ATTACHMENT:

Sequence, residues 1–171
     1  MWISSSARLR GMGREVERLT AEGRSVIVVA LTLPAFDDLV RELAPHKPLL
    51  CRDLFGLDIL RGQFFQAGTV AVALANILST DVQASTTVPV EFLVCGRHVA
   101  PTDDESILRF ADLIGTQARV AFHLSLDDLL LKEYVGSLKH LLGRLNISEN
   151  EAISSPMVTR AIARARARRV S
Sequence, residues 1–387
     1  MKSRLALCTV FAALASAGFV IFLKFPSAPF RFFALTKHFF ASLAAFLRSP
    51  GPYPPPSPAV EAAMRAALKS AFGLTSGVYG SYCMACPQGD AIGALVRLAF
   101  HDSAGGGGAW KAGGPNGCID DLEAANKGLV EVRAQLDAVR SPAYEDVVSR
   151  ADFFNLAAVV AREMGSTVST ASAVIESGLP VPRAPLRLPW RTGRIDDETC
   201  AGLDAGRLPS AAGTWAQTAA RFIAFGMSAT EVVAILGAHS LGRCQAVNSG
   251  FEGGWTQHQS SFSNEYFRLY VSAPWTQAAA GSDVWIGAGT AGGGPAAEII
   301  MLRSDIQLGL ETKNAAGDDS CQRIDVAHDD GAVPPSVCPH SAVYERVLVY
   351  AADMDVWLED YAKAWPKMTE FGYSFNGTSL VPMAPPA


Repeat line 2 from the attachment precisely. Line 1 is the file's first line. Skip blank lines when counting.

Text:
     1  MWISSSARLR GMGREVERLT AEGRSVIVVA LTLPAFDDLV RELAPHKPLL